Home / Archive by category "Blog"



Genius is the intersection of ideas and effort. Thomas Edison famously said that his inventive ratio was one part inspiration to ninety-nine parts perspiration. In CLC, we believe that while anybody may (and does) have good ideas, few put in the work needed to make them seem “genius”. While CLC has been described as “genius”, we think we may look so smart because, from start to finish, we are a place where effort is expected, appreciated and rewarded. We work.

Yes, we have good ideas, and the work ethic to bring them to life. But one more critical ingredient is needed that Edison didn’t mention: collaboration. Our real genius is to take that inspiration plus perspiration and multiply it with collaboration. Ultimately, we look so smart because we work well together. In a great team, we don’t just care about our own success, or “team” success, but also the success of every individual team member. We push, pull and sometimes carry each other to the great heights.

Once our inspiration/perspiration/collaboration approach is churning away, are are a few more guiding ideas to add to the mix:

  • Our outdoor program puts us in locales that motivate, reward, and discipline. Nature inspires but it must be approached with respect. Nature’s rules apply evenly to all, and out there, we receive immediate feedback and real consequences. When you get it right (or wrong) out there, it’s all on you.


  • Every person in CLC rises according to their contribution and ability. While all status is earned, we appreciate that just showing up and trying hard is itself a healthy contribution. New, young and inexperienced members are highly esteemed because they have stepped out and taken the risk to try something new. That’s not nothing; it’s a big deal. Once upon a time, each of us was new to the game. Regardless of seniority or experience, we each face challenges at the edge of our own abilities whenever we dare to learn something new.



  • The notion of fun is always present, but it is “Deep Fun”. Deep Fun means making the choice to enjoy the growth, even in the form of growth pains, because the big results always demand real sacrifice. Nothing worthwhile comes easy, so we have decided that even when the going is difficult, we are having fun. This commitment to fun is contagious, and our people support each other through thick and thin.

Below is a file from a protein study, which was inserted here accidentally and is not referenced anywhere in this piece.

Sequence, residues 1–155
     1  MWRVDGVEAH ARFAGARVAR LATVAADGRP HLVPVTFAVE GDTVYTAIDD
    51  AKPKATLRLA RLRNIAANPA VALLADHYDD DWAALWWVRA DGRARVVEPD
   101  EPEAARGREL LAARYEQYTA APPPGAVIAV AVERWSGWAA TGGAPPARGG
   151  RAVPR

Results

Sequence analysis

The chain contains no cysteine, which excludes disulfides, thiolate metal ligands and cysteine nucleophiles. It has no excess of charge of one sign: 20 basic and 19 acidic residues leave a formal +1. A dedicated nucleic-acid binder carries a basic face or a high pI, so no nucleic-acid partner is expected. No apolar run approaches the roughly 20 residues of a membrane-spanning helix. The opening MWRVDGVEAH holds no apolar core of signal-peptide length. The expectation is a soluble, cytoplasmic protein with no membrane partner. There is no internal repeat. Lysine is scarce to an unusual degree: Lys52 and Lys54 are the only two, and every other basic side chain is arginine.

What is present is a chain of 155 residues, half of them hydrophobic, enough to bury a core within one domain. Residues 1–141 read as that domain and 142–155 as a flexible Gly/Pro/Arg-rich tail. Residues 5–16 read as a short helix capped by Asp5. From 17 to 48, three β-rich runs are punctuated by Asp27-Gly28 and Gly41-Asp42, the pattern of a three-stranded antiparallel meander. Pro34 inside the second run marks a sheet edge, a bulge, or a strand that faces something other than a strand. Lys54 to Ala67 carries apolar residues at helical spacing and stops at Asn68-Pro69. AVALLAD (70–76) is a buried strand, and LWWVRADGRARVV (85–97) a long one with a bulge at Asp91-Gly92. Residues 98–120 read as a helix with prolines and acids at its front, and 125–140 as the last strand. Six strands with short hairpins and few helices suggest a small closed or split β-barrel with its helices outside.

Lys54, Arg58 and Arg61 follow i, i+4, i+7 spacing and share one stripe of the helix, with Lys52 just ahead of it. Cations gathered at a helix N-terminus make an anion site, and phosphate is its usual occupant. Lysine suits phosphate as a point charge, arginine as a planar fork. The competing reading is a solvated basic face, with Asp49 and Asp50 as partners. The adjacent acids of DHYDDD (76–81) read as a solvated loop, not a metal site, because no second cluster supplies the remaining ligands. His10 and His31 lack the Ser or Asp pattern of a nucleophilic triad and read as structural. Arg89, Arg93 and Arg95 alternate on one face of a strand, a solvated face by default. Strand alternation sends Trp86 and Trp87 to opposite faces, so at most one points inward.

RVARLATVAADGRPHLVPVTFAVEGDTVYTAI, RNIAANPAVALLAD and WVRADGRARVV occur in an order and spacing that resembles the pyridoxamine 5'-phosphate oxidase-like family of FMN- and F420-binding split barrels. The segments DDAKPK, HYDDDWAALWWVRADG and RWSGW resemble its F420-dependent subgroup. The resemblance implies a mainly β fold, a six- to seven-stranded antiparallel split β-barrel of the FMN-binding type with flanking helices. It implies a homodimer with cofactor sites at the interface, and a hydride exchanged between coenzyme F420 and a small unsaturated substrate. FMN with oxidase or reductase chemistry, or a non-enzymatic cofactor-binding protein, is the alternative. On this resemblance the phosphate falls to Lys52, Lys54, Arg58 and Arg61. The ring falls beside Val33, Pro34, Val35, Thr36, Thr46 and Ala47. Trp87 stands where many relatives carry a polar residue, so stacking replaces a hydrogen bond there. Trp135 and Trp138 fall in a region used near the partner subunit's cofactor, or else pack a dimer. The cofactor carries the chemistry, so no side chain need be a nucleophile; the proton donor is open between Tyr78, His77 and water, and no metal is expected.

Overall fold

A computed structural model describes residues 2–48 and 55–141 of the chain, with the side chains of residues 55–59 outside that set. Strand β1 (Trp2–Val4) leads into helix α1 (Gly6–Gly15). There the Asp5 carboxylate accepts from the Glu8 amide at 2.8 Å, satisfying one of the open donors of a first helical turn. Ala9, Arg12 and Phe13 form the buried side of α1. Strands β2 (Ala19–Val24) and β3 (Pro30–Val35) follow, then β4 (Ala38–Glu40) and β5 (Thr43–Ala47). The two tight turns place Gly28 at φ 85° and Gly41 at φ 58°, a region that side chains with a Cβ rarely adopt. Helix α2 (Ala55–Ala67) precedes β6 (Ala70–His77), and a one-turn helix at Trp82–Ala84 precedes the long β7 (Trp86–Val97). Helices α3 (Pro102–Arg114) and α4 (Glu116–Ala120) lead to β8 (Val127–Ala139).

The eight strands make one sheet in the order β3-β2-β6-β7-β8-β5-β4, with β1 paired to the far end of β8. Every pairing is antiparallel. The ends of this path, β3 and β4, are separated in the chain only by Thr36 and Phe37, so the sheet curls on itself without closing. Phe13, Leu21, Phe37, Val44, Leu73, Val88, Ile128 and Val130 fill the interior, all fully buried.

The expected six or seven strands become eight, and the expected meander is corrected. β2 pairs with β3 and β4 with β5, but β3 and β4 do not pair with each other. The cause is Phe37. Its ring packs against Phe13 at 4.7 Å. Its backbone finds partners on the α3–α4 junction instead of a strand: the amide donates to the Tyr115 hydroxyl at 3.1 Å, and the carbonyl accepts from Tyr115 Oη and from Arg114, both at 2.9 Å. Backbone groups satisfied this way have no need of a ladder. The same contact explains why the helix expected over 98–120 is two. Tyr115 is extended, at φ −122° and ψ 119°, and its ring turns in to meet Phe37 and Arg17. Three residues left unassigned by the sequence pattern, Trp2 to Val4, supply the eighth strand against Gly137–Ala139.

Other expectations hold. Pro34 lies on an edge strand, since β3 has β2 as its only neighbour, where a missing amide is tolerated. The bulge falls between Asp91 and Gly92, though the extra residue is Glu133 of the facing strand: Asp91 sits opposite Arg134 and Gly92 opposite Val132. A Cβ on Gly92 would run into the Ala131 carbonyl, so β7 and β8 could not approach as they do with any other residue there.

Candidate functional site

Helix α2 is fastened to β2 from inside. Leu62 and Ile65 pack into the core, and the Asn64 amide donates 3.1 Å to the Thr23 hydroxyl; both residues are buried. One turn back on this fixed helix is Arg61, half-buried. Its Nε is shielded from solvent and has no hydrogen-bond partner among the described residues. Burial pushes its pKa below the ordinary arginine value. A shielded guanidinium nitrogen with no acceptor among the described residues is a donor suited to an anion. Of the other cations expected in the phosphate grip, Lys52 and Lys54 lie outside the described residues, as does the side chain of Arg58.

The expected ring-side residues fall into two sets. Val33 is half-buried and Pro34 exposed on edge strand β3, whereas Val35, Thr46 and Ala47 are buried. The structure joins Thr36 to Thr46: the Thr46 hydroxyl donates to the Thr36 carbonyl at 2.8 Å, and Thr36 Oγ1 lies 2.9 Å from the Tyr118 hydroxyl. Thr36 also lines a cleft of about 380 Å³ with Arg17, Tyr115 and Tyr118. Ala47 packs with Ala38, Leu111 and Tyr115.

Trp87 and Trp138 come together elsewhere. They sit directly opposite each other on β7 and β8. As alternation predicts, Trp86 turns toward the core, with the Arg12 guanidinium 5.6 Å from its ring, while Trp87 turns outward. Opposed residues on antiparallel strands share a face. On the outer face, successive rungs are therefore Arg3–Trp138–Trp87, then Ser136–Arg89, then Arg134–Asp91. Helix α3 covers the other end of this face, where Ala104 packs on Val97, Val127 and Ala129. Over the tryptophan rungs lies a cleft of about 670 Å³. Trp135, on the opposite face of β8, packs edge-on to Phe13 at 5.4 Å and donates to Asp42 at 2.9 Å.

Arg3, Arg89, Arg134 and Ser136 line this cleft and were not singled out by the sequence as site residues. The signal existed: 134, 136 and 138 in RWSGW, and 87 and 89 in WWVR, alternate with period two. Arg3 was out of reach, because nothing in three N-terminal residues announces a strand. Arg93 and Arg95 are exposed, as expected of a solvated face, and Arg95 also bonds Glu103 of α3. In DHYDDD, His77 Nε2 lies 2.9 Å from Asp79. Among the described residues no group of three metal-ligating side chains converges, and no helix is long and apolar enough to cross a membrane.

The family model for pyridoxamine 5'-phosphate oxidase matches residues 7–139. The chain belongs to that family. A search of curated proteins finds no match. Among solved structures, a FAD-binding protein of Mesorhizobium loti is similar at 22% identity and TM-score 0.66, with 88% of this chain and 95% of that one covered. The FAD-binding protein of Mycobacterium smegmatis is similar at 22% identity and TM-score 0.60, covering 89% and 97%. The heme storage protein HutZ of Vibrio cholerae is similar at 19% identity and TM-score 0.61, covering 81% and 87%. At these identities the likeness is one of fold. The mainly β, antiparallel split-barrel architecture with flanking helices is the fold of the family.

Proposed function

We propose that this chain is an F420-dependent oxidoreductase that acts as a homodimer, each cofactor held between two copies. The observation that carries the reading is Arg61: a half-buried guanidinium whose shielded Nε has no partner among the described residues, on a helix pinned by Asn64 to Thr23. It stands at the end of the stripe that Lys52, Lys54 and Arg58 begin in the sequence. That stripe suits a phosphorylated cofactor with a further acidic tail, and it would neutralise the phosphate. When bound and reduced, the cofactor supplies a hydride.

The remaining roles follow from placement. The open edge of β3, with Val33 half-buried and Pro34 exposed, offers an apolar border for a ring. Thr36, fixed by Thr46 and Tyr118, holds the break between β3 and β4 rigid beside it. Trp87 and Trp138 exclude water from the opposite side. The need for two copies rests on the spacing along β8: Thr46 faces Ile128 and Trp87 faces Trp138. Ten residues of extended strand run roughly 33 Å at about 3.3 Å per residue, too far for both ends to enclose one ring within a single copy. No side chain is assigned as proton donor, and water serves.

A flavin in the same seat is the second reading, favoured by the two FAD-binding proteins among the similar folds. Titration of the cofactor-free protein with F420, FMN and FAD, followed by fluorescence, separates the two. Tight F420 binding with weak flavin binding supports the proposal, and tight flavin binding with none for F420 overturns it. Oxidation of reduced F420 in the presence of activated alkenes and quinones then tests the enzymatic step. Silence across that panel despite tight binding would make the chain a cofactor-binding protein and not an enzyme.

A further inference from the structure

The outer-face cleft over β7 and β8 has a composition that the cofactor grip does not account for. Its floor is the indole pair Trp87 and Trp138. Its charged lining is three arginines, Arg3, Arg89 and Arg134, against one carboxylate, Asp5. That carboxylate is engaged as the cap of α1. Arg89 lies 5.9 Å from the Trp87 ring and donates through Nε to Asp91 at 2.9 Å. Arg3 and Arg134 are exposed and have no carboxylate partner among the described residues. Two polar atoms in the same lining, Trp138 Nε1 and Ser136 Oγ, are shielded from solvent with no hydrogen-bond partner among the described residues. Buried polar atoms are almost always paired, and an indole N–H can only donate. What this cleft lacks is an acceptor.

This is all to say that “genius” is not something that just shows up for a person. It is a an active quality, not a latent one, and it needs to be worked for. Genius is the result of creativity and effort, and it shows up more frequently when people work together to accomplish difficult things.

We hope you enjoy our new website. It’s filled with images of people discovering their genius. Please come back often because we will keep it fresh and inviting. But mostly, we hope it inspires you to come Out There with us.

-Mark Steelquist




Early on November 15th, 2014, a group of CLC members new and old packed up the van and headed south to the City of Roses. With the intention of being able to enjoy Portland well into the night the team stopped to at Paradise Point State Park and set up camp. With a lightened load and eager spirits, the group headed on to Downtown Portland.

After a brief review of the itinerary, everyone bundled up to ward of the sub-freezing weather and headed out after receiving the all important hipster hunt bingo boards. The initial burst of competition quickly lightened as everyone switched into urban explorer mode. Groups wandered all over downtown, seeing many sites such as the food cart market, Portland City Hall, the waterfront farmers market, before finally ending up back at Powell's Books. Highlights include a beatboxing didgeridoo performance by The Urban Shaman, a very retro arcade, and two adorably yarn-bombed otter sculptures.

The group reassembled for dinner (pizza) and piled into the van to head back to their already made camp. The promise of hot-cocoa and cider lured people to the campfire for awhile, but with temperatures plunging into the 20's it's allure faded quickly.

We awoke to the sound of playful puppy barks. The camp host had two adorable corgi puppies that were desperately in need of love, and we were ever so eager to provide it. In fact we loved them so much that some group members decided to adopt them on the spot, and they ended up in the van with the rest of the team.

With everyone finally awake we broke camp and left for home with our recently acquired canine cargo in tow. After stopping for breakfast along the way we arrived back in Seattle mid-afternoon with high spirits thanks to the CD of The Shaman Man that was on repeat all drive long.




I participated in a great partnership in September. Myself and other youth-whitewater-guides from the non-profit Cascade Leadership Challenge went down the Tieton River with the life coaches from the Seattle area. Here is a link to a blog from one of those life coaches, Gene Gousie, helping to sum up the great conversations we were able to have on this trip: "Someday they'll run into something they've never seen before. And they'll know what to do." Hopefully this relationship with life coaches will continue to inform our philosophy and method of learning in the outdoors.
-Frances Steelquist